James Badge Dale learned about the Yarnell Hill blaze while riding on the New York City subway.
He was reading The New York Times’ account of the 2013 blaze which took the lives of 19 Granite Mountain hotshots.
He couldn’t put the piece down.
“You’re standing there, and a 40-foot wall of flames is coming at you with 3,000 degrees. I was struck by that story, sitting there on the subway,” Dale says. “It deserves to be told.”
Dale, who starred in last year’s powerful Benghazi film “13 Hours,” plays firefighter Jesse Steed in “Only the Brave.” He’s second in command to Josh Brolin’s supervisor, Eric Marsh. They’re all members of the Granite Mountain Hotshots, an elite group drawing a hard line between forest fires and civilization.
“This job was special from the beginning. We’ve all tried to treat it as such,” Dale says of the project. It also proved overwhelming at times thanks to the boot camp training to prepare Dale and cast mates to life as a Hotshot.
“There wasn’t a day when someone didn’t say, ‘holy s*** this is hard,’” he recalls.
FAST FACT: James Badge Dale played Marine Robert Leckie in the HBO 2010 miniseries “The Pacific.”
Yet the group’s humor and heart never falter. It’s an essential ingredient in “Only the Brave,” one shaped by real firefighters.
“We had five former Granite Mountain hotshots [on set]. They trained us physically, technically,” Dale says. “At every moment on that set there was someone there for you, supporting you and also telling you you’re doing it completely wrong.”
It wasn’t all back-breaking labor, though. The firefighters insisted the cast let loose, too.
“We have a lot of fun with it. We want you guys to have the same attitude,” they told Dale.
That’s partly how an off-screen moment made it into the movie. One of the hotshots opened up a bottle of beer with a chainsaw. Slack-jawed “Brave” co-star Taylor Kitsch captured it on his phone and showed it to director Joe Kosinsky.
You’ll see that trick in the movie.
Those training moments, and the tension-cutting laughs, forged a palpable screen chemistry. It also transformed the actors into a credible firefighting unit – on paper.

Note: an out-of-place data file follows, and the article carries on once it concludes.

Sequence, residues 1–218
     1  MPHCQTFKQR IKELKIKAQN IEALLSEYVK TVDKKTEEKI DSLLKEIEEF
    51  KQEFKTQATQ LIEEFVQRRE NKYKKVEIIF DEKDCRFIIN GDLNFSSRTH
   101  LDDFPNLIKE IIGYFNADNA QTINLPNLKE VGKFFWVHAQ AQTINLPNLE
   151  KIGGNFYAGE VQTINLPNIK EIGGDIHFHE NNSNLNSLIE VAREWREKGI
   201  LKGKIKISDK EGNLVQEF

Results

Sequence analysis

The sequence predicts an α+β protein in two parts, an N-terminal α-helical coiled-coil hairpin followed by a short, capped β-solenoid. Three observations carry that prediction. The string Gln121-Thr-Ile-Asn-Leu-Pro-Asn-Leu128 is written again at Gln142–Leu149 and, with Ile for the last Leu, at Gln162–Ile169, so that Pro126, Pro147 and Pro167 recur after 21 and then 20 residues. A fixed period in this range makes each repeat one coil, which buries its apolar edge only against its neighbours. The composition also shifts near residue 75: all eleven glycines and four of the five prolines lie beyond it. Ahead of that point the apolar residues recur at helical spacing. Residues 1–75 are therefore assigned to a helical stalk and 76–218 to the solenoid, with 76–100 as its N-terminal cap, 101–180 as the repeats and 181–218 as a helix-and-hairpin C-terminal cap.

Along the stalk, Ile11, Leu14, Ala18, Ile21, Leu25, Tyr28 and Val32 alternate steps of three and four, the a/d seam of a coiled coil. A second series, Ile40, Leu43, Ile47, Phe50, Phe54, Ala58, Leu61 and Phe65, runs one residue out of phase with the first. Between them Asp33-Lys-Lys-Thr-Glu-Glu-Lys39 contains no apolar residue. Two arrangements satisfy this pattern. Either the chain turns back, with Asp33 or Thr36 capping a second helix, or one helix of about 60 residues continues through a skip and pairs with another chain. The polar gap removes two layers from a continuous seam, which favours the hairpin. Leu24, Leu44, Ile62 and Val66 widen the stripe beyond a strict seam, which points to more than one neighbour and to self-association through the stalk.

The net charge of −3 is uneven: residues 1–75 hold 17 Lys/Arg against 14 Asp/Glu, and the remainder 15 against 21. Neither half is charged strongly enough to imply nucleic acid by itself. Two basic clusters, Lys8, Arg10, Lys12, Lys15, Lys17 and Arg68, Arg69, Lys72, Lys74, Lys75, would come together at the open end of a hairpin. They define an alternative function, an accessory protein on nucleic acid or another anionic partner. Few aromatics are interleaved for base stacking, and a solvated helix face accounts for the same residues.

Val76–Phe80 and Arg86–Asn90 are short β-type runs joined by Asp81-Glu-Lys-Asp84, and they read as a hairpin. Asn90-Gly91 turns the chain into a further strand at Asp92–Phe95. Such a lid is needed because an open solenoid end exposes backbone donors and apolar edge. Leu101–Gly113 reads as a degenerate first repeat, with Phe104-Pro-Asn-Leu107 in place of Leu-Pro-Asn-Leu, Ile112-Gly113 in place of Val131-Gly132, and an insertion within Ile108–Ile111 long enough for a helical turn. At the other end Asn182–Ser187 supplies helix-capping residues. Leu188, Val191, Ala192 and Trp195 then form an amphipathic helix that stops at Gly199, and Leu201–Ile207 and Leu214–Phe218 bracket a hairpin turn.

“By the end of it we’re the number one actor firefighting crew around. No one will ever call us to put out anything,” he says, smiling.
FAST FACT: James Badge Dale got a huge break for a child actor when he was cast as Simon in 1990’s “Lord of the Flies” adaptation. He gave up acting temporarily for hockey following the film’s release.
“Only the Brave” is a very different film than Dale’s “13 Hours” project. Yet the connection between the two true stories wasn’t lost on him.
“I‘ve been lucky and fortunate to play a number of men who aren’t here anymore to tell their stories,” he says. Dale played Tyrone “Rone” Woods, one of four men who died when Islamic militants attacked two American compounds in Libya, in “13 Hours.”
“I didn’t know Jesse Steed or Tyrone Woods, but they taught me something. I wanna be a better person because of that,” he says.
In the case of Steed it was more than his Granite Mountain heroism.
“This guy would go work 16 hours a day cutting line. Spike out for two weeks. Then he’d come home and be present with his family. He had that ability and he didn’t struggle with that,” he says.
Badge is bulky in person, an affable presence with an entertainer’s knack for storytelling. His parents were in show business, too. He tried a career in hockey but an injury forced him into acting.
“I thought that was the easiest thing to study,” he says. “It’s funny where you end up.”
He credits his parents for a blue collar work ethic that serves him well in today’s Hollywood. Only they weren’t thrilled when he ditched his hockey gear for acting.
“They hated it! Go be a doctor, get a real job,” he says. His father is still alive and the two now share stories about Dale’s acting gigs. Between high profile projects like “Brave,” “The Walk” and “World War Z,” that second career turned out better than average.
“We have a close relationship,” the actor says. “We have something we share. We talk about it all the time.”